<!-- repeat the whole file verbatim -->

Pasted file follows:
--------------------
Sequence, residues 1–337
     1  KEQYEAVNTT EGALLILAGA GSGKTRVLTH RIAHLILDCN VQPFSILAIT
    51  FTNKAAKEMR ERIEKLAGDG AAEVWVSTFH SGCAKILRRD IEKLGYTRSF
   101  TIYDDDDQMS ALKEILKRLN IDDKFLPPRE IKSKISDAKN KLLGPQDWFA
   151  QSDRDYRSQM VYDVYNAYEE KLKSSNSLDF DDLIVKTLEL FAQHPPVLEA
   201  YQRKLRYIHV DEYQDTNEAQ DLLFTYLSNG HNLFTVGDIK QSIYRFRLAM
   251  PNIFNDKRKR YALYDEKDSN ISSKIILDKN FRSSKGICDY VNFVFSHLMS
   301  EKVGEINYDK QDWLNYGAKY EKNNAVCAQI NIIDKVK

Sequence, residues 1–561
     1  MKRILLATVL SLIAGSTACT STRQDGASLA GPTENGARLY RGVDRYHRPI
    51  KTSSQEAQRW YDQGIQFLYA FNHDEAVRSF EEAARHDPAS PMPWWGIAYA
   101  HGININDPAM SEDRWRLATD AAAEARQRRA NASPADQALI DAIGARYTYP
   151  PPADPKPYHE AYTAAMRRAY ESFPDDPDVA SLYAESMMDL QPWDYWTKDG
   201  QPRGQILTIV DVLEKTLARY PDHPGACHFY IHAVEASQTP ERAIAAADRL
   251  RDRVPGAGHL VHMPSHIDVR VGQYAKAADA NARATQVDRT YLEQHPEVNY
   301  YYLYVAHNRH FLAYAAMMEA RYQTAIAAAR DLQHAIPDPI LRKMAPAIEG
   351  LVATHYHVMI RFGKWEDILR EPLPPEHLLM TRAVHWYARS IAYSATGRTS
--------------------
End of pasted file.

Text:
Sequence, residues 1–337
     1  KEQYEAVNTT EGALLILAGA GSGKTRVLTH RIAHLILDCN VQPFSILAIT
    51  FTNKAAKEMR ERIEKLAGDG AAEVWVSTFH SGCAKILRRD IEKLGYTRSF
   101  TIYDDDDQMS ALKEILKRLN IDDKFLPPRE IKSKISDAKN KLLGPQDWFA
   151  QSDRDYRSQM VYDVYNAYEE KLKSSNSLDF DDLIVKTLEL FAQHPPVLEA
   201  YQRKLRYIHV DEYQDTNEAQ DLLFTYLSNG HNLFTVGDIK QSIYRFRLAM
   251  PNIFNDKRKR YALYDEKDSN ISSKIILDKN FRSSKGICDY VNFVFSHLMS
   301  EKVGEINYDK QDWLNYGAKY EKNNAVCAQI NIIDKVK

Sequence, residues 1–561
     1  MKRILLATVL SLIAGSTACT STRQDGASLA GPTENGARLY RGVDRYHRPI
    51  KTSSQEAQRW YDQGIQFLYA FNHDEAVRSF EEAARHDPAS PMPWWGIAYA
   101  HGININDPAM SEDRWRLATD AAAEARQRRA NASPADQALI DAIGARYTYP
   151  PPADPKPYHE AYTAAMRRAY ESFPDDPDVA SLYAESMMDL QPWDYWTKDG
   201  QPRGQILTIV DVLEKTLARY PDHPGACHFY IHAVEASQTP ERAIAAADRL
   251  RDRVPGAGHL VHMPSHIDVR VGQYAKAADA NARATQVDRT YLEQHPEVNY
   301  YYLYVAHNRH FLAYAAMMEA RYQTAIAAAR DLQHAIPDPI LRKMAPAIEG
   351  LVATHYHVMI RFGKWEDILR EPLPPEHLLM TRAVHWYARS IAYSATGRTS